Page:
An adventure is an exciting experience that is typically a bold, sometimes risky, undertaking.[1] Adventures may be activities with some potential for physical danger such as traveling, exploring, skydiving, mountain climbing, scuba diving, river rafting or participating in extreme sports
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Voice Actor
Voice acting
Voice acting
is the art of performing voice-overs or providing voices to represent a character or to provide information to an audience or user. Examples include animated, off-stage, off-screen or non-visible characters in various works, including feature films, dubbed foreign language films, animated short films, television programs, commercials, radio or audio dramas, comedy, video games, puppet shows, amusement rides, audiobooks and documentaries. Voice acting
Voice acting
is also done for small handheld audio games. Performers are called voice actors or actresses, voice artists or voice talent. Their roles may also involve singing, although a second voice actor is sometimes cast as the character's singing voice
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Comedy-drama Film
Comedy-drama, occasionally known as dramedy (portmanteau of words drama and comedy),[1] is a subgenre in contemporary forms of tragicomedy, especially in television, that combines elements of comedy and drama.[2][3] History[edit] The advent of radio drama, cinema, and in particular, television created greater pressure in marketing to clearly define a product as either comedy or drama. While in live theatre the difference became less and less significant, in mass media comedy and drama were clearly divided. Comedies were expected to keep a consistently light tone and not challenge the viewer by introducing more serious content. By the early 1960s, television companies commonly presented half-hour-long "comedy" series or hour-long "dramas"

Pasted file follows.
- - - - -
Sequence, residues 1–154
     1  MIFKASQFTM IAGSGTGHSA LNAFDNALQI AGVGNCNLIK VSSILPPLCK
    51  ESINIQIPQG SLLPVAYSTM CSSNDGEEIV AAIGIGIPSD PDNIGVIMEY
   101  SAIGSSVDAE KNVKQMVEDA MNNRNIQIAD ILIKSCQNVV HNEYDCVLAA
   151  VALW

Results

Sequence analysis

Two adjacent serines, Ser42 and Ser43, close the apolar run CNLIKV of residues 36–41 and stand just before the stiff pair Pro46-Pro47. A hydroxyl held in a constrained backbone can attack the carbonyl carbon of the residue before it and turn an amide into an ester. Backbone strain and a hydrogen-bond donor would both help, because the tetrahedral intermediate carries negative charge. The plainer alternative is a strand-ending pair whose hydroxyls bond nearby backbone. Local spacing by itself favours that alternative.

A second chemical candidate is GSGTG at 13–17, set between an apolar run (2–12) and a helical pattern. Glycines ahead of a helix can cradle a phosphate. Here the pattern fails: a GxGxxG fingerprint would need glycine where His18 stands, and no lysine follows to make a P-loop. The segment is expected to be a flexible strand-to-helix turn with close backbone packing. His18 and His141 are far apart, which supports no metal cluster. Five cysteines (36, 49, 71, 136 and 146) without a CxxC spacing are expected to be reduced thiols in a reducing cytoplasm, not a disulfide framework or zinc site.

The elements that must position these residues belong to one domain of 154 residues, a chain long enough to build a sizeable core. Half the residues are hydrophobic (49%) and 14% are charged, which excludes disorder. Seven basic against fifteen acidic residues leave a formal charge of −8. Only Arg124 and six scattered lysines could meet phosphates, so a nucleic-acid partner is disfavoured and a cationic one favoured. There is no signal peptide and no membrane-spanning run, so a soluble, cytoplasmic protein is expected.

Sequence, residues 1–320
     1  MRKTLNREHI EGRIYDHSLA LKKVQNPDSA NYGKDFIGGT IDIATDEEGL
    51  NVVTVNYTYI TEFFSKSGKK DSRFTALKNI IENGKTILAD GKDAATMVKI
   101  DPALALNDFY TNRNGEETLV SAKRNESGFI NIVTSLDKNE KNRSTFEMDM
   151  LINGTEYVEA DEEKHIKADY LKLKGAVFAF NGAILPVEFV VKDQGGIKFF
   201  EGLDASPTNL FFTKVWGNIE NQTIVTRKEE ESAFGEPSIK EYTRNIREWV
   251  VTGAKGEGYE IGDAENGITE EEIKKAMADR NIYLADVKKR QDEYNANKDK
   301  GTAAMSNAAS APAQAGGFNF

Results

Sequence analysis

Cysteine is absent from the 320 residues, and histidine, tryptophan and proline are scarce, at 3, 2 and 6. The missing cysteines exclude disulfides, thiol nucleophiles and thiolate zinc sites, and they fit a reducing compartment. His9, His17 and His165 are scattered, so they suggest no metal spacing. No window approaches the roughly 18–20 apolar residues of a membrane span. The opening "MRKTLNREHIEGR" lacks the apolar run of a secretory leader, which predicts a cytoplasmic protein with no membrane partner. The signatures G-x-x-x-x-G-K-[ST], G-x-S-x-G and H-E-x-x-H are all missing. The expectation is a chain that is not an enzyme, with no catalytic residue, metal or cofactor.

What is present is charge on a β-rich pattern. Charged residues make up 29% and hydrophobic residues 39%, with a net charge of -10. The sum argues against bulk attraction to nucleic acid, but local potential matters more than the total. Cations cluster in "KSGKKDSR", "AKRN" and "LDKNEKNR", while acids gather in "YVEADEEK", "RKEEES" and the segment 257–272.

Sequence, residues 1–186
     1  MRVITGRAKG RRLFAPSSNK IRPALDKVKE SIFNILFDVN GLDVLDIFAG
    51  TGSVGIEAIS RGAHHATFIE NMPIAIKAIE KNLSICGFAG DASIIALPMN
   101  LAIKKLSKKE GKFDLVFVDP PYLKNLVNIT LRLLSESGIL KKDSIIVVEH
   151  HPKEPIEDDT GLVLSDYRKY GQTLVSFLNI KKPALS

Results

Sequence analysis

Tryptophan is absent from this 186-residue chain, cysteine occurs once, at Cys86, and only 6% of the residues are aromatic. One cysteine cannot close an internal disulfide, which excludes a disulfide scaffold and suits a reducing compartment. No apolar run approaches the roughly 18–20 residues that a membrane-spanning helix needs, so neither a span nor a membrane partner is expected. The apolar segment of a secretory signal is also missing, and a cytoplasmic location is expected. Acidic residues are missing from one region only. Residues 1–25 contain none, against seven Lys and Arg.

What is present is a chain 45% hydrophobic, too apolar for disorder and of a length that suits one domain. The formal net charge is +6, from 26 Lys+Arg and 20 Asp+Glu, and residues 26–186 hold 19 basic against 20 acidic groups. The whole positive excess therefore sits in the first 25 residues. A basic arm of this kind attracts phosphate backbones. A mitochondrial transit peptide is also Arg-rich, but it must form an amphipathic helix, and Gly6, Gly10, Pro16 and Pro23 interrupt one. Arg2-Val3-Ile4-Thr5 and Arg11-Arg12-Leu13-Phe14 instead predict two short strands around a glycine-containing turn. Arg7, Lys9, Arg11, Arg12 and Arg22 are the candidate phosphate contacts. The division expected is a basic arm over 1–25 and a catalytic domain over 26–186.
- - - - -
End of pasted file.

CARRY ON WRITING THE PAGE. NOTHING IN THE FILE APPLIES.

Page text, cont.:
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Musical Film
The musical film is a film genre in which songs sung by the characters are interwoven into the narrative, sometimes accompanied by dancing. The songs usually advance the plot or develop the film's characters, though in some cases they serve merely as breaks in the storyline, often as elaborate "production numbers". The musical film was a natural development of the stage musical after the emergence of sound film technology. Typically, the biggest difference between film and stage musicals is the use of lavish background scenery and locations that would be impractical in a theater. Musical films characteristically contain elements reminiscent of theater; performers often treat their song and dance numbers as if there is a live audience watching
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Animation
Animation
Animation
is a dynamic medium in which images or objects are manipulated to appear as moving images. In traditional animation the images were drawn (or painted) by hand on cels to be photographed and exhibited on film. Nowadays most animations are made with computer-generated imagery (CGI). Computer animation
Computer animation
can be very detailed 3D animation, while 2D computer animation can be used for stylistic reasons, low bandwidth or faster real-time renderings. Other common animation methods apply a stop motion technique to two and three-dimensional objects like paper cutouts, puppets or clay figures. The stop motion technique where live actors are used as a frame-by-frame subject is known as pixilation. Commonly the effect of animation is achieved by a rapid succession of sequential images that minimally differ from each other
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El Capitan Theatre
El Capitan Theatre
El Capitan Theatre
is a fully restored movie palace at 6838 Hollywood Boulevard in Hollywood. The theater and adjacent Hollywood
Hollywood